Whole blocks go up overnight in Bam Adebayo’s neighborhood. He builds in increments, of course he does, but we’re not in the gym with him each morning and afternoon, watching him develop the skills he brings to the game fully formed. He entered the league as a boulder-shouldered (and perhaps slightly undersized) big man who could bring energy off the bench, which he did for a while, and then it became apparent that he was an intriguingly versatile defender, and then he was getting assists from the elbow, and then he was averaging 16 points per game, and then 19, on the same percentages he’d always shot, that energy guy clip that typically doesn’t sustain as the field goal attempts climb into the double-digits. At some point, he became one of the best isolation defenders in the entire league, at 6-foot-9 and 255 pounds. Sometimes it feels like Bam has never tried something on the court that he couldn’t already do—no uneasy tinkering, stepping into shots he doesn’t trust. He’s a bracingly assured presence, switching 25 feet from the bucket like it’s nothing, on the block and halfway into a move you know is going to pan out.

And yet there are drawbacks to doing only what you’re absolutely sure you can manage. Bam is a franchise cornerstone, entering the first year of a max deal any team in the league would have signed him to, but in Miami, where there’s no Dame Lillard or Bradley Beal to fill up the scoring quotient, they’ve wanted Bam to be more aggressive for a while now. Take more jumpers, attack the rim, maybe try a triple or two per game. He clearly enjoys getting assists, and the dribble handoffs he runs with Tyler Herro and Duncan Robinson are a staple of Erik Spoelstra’s offense, but there are times when his deferentiality doesn’t help. His influence on the contest fades and he becomes an extremely overqualified role player, doing all the little things exactly right but not enough of the big stuff the Heat expect from him. He puts Jimmy Butler, who doesn’t have much interest in doing a slightly off-timbre Lillard or Beal impression, in a tough spot. Jimmy has to carry the offense while chasing the opponent’s best wing around on the other end of the floor. The Heat get out of whack.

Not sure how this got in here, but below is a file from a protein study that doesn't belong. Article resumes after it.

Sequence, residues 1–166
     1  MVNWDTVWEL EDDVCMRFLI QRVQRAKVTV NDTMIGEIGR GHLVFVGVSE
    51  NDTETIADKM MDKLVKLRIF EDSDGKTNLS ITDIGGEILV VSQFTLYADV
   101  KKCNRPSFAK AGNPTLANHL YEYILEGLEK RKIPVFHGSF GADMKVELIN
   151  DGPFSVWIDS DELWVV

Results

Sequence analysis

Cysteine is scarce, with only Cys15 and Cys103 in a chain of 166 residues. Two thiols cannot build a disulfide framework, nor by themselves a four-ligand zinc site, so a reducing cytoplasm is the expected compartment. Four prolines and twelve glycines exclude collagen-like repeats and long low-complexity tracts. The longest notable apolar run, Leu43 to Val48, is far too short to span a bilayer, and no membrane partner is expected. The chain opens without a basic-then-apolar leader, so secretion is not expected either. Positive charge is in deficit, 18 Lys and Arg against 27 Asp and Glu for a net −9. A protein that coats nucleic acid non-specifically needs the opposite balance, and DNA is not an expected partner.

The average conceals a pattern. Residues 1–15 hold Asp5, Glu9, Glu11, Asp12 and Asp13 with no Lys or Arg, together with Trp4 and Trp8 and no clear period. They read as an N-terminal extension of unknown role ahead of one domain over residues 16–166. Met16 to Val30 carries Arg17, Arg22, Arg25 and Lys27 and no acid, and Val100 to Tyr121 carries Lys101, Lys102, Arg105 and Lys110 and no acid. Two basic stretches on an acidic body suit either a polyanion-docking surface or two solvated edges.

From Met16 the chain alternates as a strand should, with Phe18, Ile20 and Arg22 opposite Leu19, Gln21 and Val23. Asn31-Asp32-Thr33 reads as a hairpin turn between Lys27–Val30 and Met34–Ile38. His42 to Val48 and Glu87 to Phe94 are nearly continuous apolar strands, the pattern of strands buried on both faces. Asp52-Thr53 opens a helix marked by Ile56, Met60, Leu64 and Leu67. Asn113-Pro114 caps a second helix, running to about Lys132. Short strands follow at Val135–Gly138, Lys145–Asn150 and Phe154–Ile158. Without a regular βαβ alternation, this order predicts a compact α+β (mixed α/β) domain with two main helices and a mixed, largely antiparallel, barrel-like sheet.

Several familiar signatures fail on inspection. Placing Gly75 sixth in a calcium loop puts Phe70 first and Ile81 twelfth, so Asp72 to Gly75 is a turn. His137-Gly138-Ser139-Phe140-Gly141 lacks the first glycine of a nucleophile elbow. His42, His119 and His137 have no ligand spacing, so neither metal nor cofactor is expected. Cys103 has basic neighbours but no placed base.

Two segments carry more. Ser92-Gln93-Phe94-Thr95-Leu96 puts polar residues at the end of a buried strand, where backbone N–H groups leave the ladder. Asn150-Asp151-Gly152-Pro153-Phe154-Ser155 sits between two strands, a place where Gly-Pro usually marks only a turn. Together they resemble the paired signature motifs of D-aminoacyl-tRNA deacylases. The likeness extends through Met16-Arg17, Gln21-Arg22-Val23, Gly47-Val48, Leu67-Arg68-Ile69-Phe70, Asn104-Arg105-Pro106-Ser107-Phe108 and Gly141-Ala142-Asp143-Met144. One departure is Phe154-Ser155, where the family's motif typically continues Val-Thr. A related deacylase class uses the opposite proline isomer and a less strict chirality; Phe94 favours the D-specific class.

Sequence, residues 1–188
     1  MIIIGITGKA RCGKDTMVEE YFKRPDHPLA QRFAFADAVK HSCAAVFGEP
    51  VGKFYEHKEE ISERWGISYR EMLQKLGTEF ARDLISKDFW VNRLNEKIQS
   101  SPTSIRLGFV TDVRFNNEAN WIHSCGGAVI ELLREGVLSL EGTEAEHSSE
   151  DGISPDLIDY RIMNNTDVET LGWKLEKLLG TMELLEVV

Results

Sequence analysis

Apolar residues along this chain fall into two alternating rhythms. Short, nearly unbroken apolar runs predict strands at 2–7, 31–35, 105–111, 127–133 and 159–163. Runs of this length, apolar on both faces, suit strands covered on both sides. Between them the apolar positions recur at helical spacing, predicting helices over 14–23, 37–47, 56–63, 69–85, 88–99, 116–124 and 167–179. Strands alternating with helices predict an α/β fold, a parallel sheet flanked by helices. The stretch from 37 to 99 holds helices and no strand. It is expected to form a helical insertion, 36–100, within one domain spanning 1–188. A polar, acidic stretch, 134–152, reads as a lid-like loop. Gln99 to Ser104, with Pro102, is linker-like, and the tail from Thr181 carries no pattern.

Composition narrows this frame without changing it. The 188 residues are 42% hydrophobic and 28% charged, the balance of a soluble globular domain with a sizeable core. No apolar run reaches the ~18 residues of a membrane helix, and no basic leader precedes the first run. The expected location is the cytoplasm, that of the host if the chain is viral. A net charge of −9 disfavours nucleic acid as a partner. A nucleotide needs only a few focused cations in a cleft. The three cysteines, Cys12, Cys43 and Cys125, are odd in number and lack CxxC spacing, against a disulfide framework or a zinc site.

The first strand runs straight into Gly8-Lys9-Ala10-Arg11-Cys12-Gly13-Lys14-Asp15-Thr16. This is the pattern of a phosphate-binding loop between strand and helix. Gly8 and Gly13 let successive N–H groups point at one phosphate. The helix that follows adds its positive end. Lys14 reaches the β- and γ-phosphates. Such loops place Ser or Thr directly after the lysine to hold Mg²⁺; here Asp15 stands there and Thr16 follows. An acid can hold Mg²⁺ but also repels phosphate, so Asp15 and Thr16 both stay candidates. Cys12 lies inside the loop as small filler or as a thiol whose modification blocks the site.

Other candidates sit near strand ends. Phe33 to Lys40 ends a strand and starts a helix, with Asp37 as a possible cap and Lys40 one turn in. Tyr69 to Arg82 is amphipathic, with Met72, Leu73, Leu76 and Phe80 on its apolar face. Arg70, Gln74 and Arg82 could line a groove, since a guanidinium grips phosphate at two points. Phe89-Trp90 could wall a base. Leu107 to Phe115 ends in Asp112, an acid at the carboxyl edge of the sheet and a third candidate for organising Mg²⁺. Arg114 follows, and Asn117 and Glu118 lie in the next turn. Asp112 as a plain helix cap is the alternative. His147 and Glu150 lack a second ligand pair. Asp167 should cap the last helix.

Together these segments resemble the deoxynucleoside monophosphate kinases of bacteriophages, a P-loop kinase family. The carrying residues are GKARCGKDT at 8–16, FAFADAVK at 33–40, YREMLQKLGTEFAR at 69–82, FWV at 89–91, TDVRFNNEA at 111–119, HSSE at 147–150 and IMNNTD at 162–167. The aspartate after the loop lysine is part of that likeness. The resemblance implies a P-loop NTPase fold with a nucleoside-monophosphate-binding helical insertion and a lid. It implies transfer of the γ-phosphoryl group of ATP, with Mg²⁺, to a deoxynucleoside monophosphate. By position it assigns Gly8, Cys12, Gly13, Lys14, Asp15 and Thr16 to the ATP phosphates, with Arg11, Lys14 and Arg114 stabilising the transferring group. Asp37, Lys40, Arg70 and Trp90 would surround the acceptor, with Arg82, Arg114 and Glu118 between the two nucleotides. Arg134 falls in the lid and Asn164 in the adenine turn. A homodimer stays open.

Kyle Lowry, newly signed away from his spiritual home in Toronto, will relieve some of Butler’s burden, but Kyle is 6-foot-nothing and 35 years old. That overqualified role player spot that Bam occasionally slips into might be the fullest extent of what Kyle can provide, in most contests. No, it’s still up to Bam to expand into the available space. He has to teach himself to be okay with playing ugly basketball, getting the rock and trying against his better instincts to force a foul or a bucket while his teammates catch their breath. He has that Marc Gasol, Al Horford-esque grip on the game. It’s not passiveness that has him one-touching the ball back out to the perimeter, always making the extra pass. It is an abiding belief in a certain set of aesthetics. But sometimes you simply need to rely on your ability to make it work. A little less Horford, a little more Giannis in the Finals. It’s a mindset thing. More fixable than a talent deficiency, but not something you can snap your fingers and overcome. We don't all have access to Russell Westbrook’s borderline mortifying confidence.

It seems that Bam understands what he needs to do. Last month, he claimed “I want to be a shooter. I’m going to be shooting, attacking the basket more often, and being assertive.” You assume that was somewhere near the beginning of the 109-page PLAYER EFFICIENCY EVALUATION report that Heat brass gives to their charges at the end of every season, and that Bam has taken the order to heart. He’s even hinted that he’s going to be unafraid to shoot threes, which is sort of an extra credit aspect of his development but would hypothetically allow Miami to run some terrifying five-out sets. (A note on that: Bam hasn't attempted a three-pointer in three preseason games. Your optimism sometimes makes you a liar.)

There does have to be a limit on how many times Bam Adebayo can emerge from his summer workouts a noticeably better player. He can’t keep grinding until he’s some league-obliterating cross between Nikola Jokić and LeBron James. And yet at 24, entering his fifth NBA season, the limits of Bam’s potential remain exciting to ponder. The part of him that you could almost mistake for shyness, the instinct not to emerge from the edit booth without a final cut, leaves you wondering what else he’s pretty good at that he isn’t willing to show us yet, until he’s mastered it. Maybe we finally see some works in progress this year, some honest struggling, Bam experimenting in public. Regardless of the speed at which it arrives, there’s likely a lot more to come from the Heat’s exquisitely flexible five. He’ll keep surprising us at his own pace.

Eleven Other Characters: Russell Westbrook | Zach LaVine | John Collins | Domantas Sabonis | Devin Booker | Draymond Green | Julius Randle | Kyrie Irving | Khris Middleton | CJ McCollum | Joel Embiid